Super massive black holes are usually millions of times more massive than stellar mass black holes. I have read on SE and over internet that 3M☉ worth of energy is released in black hole mergers (not sure which type of merger). I have tow related questions:

  1. What is the difference in energy released from a stellar mass black hole merger vs. a supermassive black hole merger?

  2. How much energy will be released in the super massive black hole merger when Milky way and Andromeda will merge in few billion years?


Too long for a comment, but it's an incomplete answer.

The gravity waves detected were from a stellar mass binary black hole merger, sometimes abbreviated bbh for binary black hole.

The two black holes are thought to be about 36 and 29 solar masses with a final combined mass of about 62. So, roughly 5% of the black hole mass turned into into gravitational wave energy. Source.

and from Wikipedia article (which can be taken with a grain of salt)

As the orbiting black holes give off these waves, the orbit decays, and the orbital period decreases. This stage is called binary black hole inspiral. The black holes will merge once they are close enough. Once merged, the single hole settles down to a stable form, via a stage called ringdown, where any distortion in the shape is dissipated as more gravitational waves.3 In the final fraction of a second the black holes can reach extremely high velocity, and the gravitational wave amplitude reaches its peak.

The existence of stellar-mass binary black holes (and gravitational waves themselves) were finally confirmed when LIGO detected GW150914 (detected September 2015, announced February 2016), a distinctive gravitational wave signature of two merging stellar-mass black holes of around 30 solar masses each, occurring about 1.3 billion light years away. In its final moments of spiraling inward and merging, GW150914 released around 3 solar masses as gravitational energy, peaking at a rate of 3.6×1049 watts — more than the combined power of all light radiated by all the stars in the observable universe put together.3[4][5] Supermassive binary black hole candidates have been found but as yet, not categorically proven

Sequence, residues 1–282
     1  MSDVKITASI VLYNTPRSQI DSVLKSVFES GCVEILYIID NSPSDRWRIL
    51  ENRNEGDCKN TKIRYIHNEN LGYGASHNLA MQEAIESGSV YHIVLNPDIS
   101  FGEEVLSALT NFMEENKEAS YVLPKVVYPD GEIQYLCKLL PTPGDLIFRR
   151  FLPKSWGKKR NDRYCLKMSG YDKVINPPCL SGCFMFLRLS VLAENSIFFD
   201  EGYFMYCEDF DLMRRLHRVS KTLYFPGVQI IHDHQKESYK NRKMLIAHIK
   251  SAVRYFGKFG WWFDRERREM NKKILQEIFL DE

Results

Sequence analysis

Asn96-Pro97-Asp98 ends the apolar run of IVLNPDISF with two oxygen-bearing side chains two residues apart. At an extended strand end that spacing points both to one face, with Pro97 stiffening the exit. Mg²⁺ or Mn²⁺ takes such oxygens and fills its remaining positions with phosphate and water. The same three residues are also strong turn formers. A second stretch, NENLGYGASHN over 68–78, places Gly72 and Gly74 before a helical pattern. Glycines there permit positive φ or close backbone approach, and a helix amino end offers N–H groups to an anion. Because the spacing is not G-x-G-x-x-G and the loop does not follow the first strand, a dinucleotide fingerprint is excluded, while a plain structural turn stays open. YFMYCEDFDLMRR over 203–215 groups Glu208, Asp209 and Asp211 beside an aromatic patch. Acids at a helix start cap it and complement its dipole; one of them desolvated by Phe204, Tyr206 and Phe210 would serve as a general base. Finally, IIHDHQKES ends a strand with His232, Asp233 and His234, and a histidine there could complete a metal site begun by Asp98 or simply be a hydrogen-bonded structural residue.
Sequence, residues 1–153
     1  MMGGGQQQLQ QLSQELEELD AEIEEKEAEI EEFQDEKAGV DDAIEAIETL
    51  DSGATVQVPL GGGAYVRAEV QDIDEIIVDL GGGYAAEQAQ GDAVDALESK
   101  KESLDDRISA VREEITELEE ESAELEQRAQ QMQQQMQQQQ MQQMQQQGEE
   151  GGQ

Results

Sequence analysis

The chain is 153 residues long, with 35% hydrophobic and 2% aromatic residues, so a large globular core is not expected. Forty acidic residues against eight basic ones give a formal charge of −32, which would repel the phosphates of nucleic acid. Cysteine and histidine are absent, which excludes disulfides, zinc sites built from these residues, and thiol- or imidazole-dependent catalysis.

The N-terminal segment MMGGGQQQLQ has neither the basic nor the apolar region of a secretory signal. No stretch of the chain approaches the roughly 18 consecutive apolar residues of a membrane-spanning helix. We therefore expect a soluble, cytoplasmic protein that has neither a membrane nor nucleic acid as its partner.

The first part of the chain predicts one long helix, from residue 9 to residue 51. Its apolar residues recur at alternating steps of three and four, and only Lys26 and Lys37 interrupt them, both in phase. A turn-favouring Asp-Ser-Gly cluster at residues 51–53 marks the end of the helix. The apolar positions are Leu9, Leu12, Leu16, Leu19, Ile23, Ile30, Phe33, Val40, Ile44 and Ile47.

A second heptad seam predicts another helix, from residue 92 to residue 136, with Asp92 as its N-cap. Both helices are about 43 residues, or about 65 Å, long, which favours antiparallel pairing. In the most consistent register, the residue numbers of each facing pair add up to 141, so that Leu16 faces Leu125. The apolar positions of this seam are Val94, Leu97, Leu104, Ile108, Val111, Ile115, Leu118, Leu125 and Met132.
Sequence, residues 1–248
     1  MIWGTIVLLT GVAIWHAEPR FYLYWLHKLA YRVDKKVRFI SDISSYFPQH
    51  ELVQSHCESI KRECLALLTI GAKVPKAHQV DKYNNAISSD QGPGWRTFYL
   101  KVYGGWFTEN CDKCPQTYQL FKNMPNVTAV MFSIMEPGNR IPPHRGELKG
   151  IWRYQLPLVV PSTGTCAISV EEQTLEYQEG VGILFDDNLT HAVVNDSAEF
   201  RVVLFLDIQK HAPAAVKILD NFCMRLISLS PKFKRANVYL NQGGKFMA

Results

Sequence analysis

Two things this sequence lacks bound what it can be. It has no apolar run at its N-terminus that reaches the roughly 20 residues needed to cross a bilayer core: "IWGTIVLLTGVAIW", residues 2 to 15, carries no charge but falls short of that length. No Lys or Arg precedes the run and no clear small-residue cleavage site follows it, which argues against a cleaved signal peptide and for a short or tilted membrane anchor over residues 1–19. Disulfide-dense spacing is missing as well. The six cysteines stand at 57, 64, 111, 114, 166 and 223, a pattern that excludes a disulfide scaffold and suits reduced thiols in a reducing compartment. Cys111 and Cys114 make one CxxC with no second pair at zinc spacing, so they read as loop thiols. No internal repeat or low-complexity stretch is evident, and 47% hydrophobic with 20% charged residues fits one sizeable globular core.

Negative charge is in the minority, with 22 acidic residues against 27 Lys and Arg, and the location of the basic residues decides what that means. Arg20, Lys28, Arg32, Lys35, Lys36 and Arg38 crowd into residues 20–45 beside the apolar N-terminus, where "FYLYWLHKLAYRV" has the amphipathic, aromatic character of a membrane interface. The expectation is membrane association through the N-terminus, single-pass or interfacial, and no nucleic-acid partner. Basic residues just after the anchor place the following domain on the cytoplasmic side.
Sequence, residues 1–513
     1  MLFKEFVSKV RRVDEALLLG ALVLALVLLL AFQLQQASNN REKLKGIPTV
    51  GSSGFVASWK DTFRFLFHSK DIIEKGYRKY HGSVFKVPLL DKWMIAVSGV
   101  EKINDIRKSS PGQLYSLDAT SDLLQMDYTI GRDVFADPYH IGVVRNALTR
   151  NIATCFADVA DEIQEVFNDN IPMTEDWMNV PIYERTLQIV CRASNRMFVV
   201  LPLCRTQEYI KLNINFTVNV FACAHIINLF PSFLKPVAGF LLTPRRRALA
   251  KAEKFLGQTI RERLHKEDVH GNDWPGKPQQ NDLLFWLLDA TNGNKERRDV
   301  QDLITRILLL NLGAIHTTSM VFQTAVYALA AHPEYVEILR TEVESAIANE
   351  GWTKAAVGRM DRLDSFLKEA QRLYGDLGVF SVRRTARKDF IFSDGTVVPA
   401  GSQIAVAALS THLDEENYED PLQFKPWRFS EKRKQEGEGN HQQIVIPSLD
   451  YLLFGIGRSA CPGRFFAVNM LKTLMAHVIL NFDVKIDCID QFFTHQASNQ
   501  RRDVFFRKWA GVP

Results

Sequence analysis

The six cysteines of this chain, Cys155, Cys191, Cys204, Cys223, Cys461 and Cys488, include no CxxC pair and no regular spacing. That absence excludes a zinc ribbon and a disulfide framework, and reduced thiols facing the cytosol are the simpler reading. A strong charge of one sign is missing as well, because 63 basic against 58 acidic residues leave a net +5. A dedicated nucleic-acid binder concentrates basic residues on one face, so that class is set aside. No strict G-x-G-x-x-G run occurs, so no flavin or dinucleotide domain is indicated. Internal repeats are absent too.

Supermassive bbh are thought to have been observed, see here and we may see one in our lifetime, not sure how often they happen. But beyond that, I have no way of knowing how much more energetic a supermassive BBH merger would be other than to say, I would think, a whole lot, as it would have to scale upwards by some formula.

With the case of Andromeda and the Milky Way, we're talking Andromeda's 100 million solar mass black hole and the Milky way's 4-6 million solar masses. Maybe someone here can estimate, but if the energy output is even 5%-10% of the smaller of the two, that's still a few hundred thousand solar masses of energy, an absolutely crazy energy output. Even if it's far smaller than a few hundred thousand solar masses, it's still enormous energy.

I'm also not sure if it's a dangerous form of energy output as it basically squashes things back and forth maybe a couple times before returning them to normal. I have no idea what the safe distance is from that kind of merger and gravity wave creation. Interesting question though. Fun to think about.

  • 2
    $\begingroup$ " I have no idea what the safe distance is from that kind of merger and gravity wave creation." I was going to ask this as my next question once I had an answer to this question :) . $\endgroup$ – Knu8 May 28 '16 at 13:27
  • $\begingroup$ It's a good question, maybe someone here knows. $\endgroup$ – userLTK May 28 '16 at 13:28
  • $\begingroup$ Most of the energy released is in the form of gravitational waves. I have no idea at that scale, how "dangerous" it can be. $\endgroup$ – Knu8 May 28 '16 at 13:31

Super massive and stellar mass black holes are different in mass and size.. Since we cannot describe nor we can be certain in either of their mass or size .. It's completely impossible (for the time being) to answer whether or not how much difference there will be regarding their energy release and the amount it releases..Yes,the energy is high 3 solar mass .. but the energy cannot be determined regarding there are various factors which leads to the determination of Mass and energy.

  • $\begingroup$ Are you really sure we can not know the mass of black holes? $\endgroup$ – Hohmannfan May 28 '16 at 11:06
  • $\begingroup$ @Shrey We can determine the mass of black holes by their gravitational influence. Your assertion is completely wrong. $\endgroup$ – Knu8 May 28 '16 at 11:19

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